« previous post | next post »

In today's Get Fuzzy, Bucky's exploration of English compound-noun semantics continues:


  1. Ray Girvan said,

    March 29, 2009 @ 9:59 am

    Reminds me of the Birmingham greengrocers' inspired name, Melon Cauli.

  2. Aaron Davies said,

    March 29, 2009 @ 11:26 am

    just out of curiosity, did you deliberately misuse the apostrophe since it's a greengrocer, or are you really considering them plural?

  3. Dan Lufkin said,

    March 29, 2009 @ 12:32 pm

    Comments are off in the Zippy posting above, so I'll have to announce here that Zippy will no longer appear in The Washington Post's paper edition, just on-line. Hell of a note! Gresham's Law at work again.

  4. sam said,

    March 29, 2009 @ 2:11 pm

    Why hasn't anyone referenced this yet?

  5. Stephen said,

    March 29, 2009 @ 2:23 pm

    Is it worth pointing out the allusion to melon farmers? Quick, call Zwicky!

  6. Ray Girvan said,

    March 29, 2009 @ 2:40 pm

    did you deliberately misuse the apostrophe

    To me "greengrocers" has always been singular (i.e. for the shop operated by a greengrocer). Maybe it's a regional thing: for example, see Greengrocers opened:

    A Borough Green couple are thwarting the credit crunch and supermarket culture by opening a greengrocers in the village's High Street.

  7. Ray Girvan said,

    March 29, 2009 @ 2:54 pm

    PS: Google News – "a greengrocers" – confirms abundantly. I'd never thought about it before.

  8. Robert said,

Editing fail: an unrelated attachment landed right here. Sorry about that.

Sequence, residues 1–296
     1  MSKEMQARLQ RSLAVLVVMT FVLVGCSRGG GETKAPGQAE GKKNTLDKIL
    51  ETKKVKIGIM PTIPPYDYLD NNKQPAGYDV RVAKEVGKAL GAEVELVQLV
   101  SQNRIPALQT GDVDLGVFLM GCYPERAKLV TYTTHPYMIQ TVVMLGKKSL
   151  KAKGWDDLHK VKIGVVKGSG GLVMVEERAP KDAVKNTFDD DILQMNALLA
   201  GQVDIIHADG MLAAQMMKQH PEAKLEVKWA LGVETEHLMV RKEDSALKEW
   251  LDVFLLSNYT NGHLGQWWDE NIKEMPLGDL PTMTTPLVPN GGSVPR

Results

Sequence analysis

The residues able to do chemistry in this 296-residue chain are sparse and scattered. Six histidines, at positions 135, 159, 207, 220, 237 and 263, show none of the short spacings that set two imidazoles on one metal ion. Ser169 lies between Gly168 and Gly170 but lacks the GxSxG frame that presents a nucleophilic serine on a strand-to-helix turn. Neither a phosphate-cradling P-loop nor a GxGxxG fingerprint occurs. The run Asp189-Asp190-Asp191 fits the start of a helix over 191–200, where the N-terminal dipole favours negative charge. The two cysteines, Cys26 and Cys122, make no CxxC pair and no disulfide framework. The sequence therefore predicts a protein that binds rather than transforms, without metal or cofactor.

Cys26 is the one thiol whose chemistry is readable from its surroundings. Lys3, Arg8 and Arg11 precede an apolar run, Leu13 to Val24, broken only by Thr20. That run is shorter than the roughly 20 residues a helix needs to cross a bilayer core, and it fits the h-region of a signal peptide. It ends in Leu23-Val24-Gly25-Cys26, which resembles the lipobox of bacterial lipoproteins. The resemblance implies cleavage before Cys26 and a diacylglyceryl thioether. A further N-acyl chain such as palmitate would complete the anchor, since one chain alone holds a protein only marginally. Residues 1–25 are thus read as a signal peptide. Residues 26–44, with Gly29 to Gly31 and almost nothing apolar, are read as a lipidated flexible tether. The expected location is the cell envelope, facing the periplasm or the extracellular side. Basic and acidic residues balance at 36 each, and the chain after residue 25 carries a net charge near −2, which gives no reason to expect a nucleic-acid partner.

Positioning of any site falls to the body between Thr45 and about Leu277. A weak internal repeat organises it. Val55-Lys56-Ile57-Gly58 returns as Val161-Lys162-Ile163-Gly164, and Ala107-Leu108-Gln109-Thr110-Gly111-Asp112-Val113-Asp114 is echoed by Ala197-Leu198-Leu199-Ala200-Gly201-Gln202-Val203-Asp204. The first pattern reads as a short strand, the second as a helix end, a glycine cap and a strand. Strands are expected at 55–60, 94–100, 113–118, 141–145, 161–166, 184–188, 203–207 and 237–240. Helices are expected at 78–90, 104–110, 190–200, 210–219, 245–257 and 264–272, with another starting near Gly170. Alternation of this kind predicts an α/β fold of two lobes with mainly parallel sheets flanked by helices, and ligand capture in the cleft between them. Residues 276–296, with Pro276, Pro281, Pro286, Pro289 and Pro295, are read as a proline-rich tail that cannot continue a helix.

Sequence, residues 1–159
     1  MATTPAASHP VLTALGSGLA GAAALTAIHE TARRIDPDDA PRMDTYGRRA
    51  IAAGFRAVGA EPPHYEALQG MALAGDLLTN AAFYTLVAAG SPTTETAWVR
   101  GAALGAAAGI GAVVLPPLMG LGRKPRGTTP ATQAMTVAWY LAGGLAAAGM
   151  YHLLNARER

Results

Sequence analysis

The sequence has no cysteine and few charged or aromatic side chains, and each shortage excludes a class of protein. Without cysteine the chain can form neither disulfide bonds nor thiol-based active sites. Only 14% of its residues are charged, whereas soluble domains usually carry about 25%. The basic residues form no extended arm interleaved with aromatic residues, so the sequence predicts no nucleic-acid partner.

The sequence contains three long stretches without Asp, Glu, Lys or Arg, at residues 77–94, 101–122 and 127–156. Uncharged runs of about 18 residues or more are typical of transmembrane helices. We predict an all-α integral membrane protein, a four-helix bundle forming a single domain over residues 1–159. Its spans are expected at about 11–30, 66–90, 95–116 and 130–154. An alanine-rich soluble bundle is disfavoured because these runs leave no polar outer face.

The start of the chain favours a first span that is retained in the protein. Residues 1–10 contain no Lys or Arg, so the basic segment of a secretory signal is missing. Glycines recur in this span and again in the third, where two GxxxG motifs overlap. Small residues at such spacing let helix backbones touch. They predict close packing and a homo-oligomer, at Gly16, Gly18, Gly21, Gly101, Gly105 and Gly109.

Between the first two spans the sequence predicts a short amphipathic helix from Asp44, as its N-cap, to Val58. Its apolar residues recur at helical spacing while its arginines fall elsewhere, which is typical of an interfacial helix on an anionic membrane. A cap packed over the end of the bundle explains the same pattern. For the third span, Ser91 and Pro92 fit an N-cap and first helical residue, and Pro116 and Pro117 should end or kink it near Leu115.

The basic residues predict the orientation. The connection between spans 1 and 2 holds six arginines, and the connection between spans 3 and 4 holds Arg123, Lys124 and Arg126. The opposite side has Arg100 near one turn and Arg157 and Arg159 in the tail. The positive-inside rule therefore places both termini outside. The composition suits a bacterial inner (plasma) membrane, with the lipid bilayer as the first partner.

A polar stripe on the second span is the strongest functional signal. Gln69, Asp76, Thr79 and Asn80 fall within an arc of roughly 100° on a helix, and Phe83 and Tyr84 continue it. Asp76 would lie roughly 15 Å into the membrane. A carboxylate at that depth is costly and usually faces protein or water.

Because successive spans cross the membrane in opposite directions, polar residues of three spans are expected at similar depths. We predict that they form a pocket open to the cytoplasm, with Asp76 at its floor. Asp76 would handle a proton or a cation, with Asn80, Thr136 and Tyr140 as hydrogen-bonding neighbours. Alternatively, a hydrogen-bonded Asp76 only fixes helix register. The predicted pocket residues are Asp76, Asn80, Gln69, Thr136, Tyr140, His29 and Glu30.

March 29, 2009 @ 3:26 pm

    Melancholy is to do with the four humours, of course, referring to black bile, a body fluid that doesn't seem to exist.

  9. Paul said,

    March 29, 2009 @ 3:33 pm

    Life, as they say, is butter melon cauliflower.

  10. WindowlessMonad said,

    March 29, 2009 @ 5:13 pm

    When my daughter was one, we had any number of 2am renditions of 'Come to me, my melon colic baby…'

  11. Terry Hunt said,

    March 30, 2009 @ 12:54 am

    "Come to Me, My Melancholy Baby" is, of course, the punchline of a shaggy-dog story involving the escape of Dr Frankenstein's early experiment in gourd-dog hybridisation.

  12. Ray Girvan said,

    March 30, 2009 @ 8:31 am

    gourd-dog hybridisation

    Nasty. If that got into the gene pool it could cause widespread mutation, and we'd be melon-collie too.

  13. Bloix said,

    March 30, 2009 @ 7:34 pm

    In the US, we don't use the word greengrocer, so we don't have any greengrocers. We do, however, have dry cleaning establishments, which we call "cleaners," singular, as in:

    My recommendation for a cleaners? Abe's on Broadway. They are awesome, family-owned, and nice as can be.

    And that's the only example I can think of.

  14. Joel said,

    April 2, 2009 @ 5:23 pm

    Stephen: Yippie-ki-yay, melon farmer.

  15. Merri said,

    April 10, 2009 @ 7:39 am

    Speaking of compounds of Greek origin, would you accept the claim that 'diplomatic' comes from Greek :
    diplous = folded, bent up, bowing, two-faced
    mataizo = to talk at random

    The translations of both components are right, but I think the word in fact comes from 'diplomata' = things folded (documents, in order to remain unseen).

RSS feed for comments on this post